What Do You Need to Make a Walk Away Split?

There are lots of approaches to dividing honey bee colonies. Our favorite is walk away splits. This method is cheaper and less complicated than purchasing or raising a queen to introduce. But the real reason we believe in walk away splits is that the bees get to select and raise their own queen.

In all aspects of our beekeeping, we attempt to meddle as little as possible in the life of the colonies, and we endeavor to cultivate locally adapted bees that are better at taking care of themselves without treatment or other human support/interference.

Walk away splits are simple (in theory) and give the bees a break in the reproductive cycle, and thus also a break from varroa mites.

The beekeeper’s only role in a walk away split is to transfer frames from the original hive into new boxes. The bees do the rest of the work. The key to this type of hive division is timing and ‘ingredients.’ In the ten minutes it takes the beekeeper to transfer frames from a strong hive into a new box, she must choose frames that contain key components and arrange them in such a way as to make it easier, not harder, for the new colony to raise a strong queen.

So what do bees need to raise a good queen?


Bees need eggs from which to raise a queen. The difference between a worker bee and a queen bee is a matter of nutritional variation early in development. All young larvae are fed royal jelly, but worker bee larvae are fed less royal jelly for a shorter period of time than larvae being raised for queens. It is safest to select frames containing eggs for the bees to rear a queen, rather than try to gauge the age of the larvae you see (since very young larvae can also be raised into queens with the right nutrition). By making sure the frames you choose for the split contain eggs, you guarantee that the bees will be able to select larvae of the correct age from which to raise queens.

Phew—what a mouthful!

A new split doesn’t need very many eggs for the bees to raise a queen. In fact, avoid including frames with lots of eggs or open brood, as this will force the bees to feed and care for many babies. Ideally, they should put most of their energy into caring for the developing queen or queens they are raising.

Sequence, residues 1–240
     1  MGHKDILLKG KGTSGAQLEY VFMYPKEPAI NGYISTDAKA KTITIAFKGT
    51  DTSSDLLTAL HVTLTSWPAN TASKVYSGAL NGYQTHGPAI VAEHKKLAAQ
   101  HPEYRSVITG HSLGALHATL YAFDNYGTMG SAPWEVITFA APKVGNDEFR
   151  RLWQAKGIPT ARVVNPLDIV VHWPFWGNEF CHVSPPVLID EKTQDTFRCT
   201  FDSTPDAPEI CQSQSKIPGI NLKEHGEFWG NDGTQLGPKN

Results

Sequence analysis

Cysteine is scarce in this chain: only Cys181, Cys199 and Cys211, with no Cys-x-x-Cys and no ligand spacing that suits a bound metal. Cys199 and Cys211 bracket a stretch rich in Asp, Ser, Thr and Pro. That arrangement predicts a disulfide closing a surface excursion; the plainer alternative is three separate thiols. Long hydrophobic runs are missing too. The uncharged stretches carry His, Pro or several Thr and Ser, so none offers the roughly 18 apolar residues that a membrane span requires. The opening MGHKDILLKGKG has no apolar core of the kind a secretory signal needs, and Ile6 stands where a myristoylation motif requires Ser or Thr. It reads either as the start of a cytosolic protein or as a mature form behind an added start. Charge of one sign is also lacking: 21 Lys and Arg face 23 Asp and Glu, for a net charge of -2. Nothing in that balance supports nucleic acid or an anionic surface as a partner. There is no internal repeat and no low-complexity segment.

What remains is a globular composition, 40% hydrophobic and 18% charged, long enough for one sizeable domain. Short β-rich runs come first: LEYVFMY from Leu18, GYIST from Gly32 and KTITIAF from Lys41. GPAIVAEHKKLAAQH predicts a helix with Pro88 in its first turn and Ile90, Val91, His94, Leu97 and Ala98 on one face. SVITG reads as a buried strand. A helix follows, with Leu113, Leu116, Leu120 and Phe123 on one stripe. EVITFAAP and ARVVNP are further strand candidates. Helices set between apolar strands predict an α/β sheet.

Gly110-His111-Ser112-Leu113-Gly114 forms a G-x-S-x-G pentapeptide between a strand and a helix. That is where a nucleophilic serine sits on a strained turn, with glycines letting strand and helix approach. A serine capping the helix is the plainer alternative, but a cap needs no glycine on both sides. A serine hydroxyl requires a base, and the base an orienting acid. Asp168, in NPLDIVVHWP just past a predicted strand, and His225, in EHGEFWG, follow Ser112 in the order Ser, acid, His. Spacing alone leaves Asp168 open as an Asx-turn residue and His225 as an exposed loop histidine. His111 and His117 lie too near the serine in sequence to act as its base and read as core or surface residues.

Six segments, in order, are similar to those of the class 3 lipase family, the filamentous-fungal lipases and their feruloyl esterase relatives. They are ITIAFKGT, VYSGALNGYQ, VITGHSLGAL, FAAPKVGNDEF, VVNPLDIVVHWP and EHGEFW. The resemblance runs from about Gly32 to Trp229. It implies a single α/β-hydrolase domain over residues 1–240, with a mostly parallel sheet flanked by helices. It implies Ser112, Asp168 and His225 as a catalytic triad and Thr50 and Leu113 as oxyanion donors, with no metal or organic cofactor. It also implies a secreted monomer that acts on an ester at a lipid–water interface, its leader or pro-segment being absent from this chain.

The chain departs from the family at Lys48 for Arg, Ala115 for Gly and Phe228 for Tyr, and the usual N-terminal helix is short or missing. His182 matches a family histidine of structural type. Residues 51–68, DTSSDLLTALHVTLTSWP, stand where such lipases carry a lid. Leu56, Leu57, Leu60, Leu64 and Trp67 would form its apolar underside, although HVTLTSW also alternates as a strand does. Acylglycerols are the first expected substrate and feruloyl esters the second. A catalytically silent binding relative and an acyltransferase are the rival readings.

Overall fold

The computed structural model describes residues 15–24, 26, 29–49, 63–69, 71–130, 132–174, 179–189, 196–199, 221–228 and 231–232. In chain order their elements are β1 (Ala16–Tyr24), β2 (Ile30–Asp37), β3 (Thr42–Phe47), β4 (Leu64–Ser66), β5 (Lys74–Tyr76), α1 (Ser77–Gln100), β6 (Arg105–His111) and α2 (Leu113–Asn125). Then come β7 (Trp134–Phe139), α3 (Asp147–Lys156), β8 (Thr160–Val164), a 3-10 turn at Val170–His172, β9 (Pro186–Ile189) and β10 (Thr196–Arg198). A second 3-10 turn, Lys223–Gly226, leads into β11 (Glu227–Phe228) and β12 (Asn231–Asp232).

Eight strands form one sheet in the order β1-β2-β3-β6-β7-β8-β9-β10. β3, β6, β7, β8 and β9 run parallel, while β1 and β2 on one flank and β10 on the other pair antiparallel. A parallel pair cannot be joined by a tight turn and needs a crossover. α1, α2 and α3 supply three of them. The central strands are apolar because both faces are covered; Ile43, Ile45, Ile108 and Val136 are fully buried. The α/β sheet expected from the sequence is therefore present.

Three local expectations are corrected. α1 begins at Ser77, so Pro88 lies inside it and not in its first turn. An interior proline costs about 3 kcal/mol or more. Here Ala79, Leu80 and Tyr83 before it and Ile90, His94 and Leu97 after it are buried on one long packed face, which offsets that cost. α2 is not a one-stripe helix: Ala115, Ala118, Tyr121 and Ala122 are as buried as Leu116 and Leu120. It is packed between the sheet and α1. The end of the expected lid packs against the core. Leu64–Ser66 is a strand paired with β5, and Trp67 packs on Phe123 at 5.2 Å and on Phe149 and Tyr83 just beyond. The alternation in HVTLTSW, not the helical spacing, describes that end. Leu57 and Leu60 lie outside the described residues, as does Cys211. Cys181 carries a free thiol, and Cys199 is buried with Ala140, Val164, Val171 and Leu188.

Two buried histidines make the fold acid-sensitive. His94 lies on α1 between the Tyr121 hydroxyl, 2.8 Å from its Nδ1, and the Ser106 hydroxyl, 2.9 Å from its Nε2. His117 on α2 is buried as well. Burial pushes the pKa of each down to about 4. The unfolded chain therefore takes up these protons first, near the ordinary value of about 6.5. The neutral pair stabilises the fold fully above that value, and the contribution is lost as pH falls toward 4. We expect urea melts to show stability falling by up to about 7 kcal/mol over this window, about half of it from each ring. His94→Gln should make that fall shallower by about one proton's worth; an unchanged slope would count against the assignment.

One frame of capped brood with a small patch of eggs is perfect for a walk away split.


Excellent nutrition is critical to the survival of a young split.  Because most of the bees on frames of brood are young nurse bees, the new split will not have a strong group of foragers for some time, and it’s important that there is food in the split for the bees to survive on in the beginning. Nectar is an important nutritional component, so make sure it is plentiful in the split. Although honey works too, I have heard that including frames with curing nectar is even better where raising baby bees is concerned.

Two or three frames containing a combination of nectar and pollen should be sufficient for a walk away split. These important frames of food should be placed facing the frame with eggs, so that food sources for the young queen and her attendants are close at hand.


Pollen contributes protein to a bee’s diet. Again, nutrition is key. If it’s possible to find frames with both nectar and pollen together, this is best.

Capped brood

Think of capped brood as future workers. Capped brood doesn’t need to be fed and tended to like bees in the larval (uncapped) stage of development. Capped brood is less labor and resource intensive for the nurse bees in the new colony. At the same time, it ensures that there will be an influx of young bees to the colony’s workforce within 13 days.

One or two frames of capped brood should be sufficient for a walk away split. All the brood should be together in the middle of the box. More capped brood can be added to make a stronger split.

Nurse bees

Hive divisions need lots of nurse bees. Again, the developing queen should have all the attention and care she requires, and the capped brood must be kept warm. Nurse bees are also more likely to stay in the new hive, rather than returning to the mother colony (which is often only a few feet away). No matter how many older foragers you add to a new split, they will find their way back to the original hive if it is close by. This is because, unlike nurse bees, foragers have already gone out into the world and oriented to the original hive’s location.

Select nurse bees by adding frames of capped brood (and a few eggs!) that are covered in bees. The bees in the brood nest should primarily be nurse bees. Because they are younger than foragers, nurse bees tend to be smaller.


We generally prefer not to supply our bees with sugar syrup feed, though this is often recommended for new splits. Instead, you can include an extra frame of honey to feed the bees until nurse bees have graduated to foragers.

How many frames to include in a split

We generally aim for at least five frames total in a walk away split (including a few frames of brood, and a few of pollen, nectar, and honey). We aim to include enough bees to cover these frames, keeping in mind that bees on frames of food stores may not be nurse bees and will probably return to the original colony.

If you want to add additional nurse bees, you can remove extra frames of brood from the mother hive and shake the attending bees into the new split. You can also always add extra frames of capped brood (covered in bees) to bolster the split’s population down the line.

Check out this post on how to tell when a hive is ready to split, or read about our first hive division last year, and splitting a hive the same day that it swarmed last spring.

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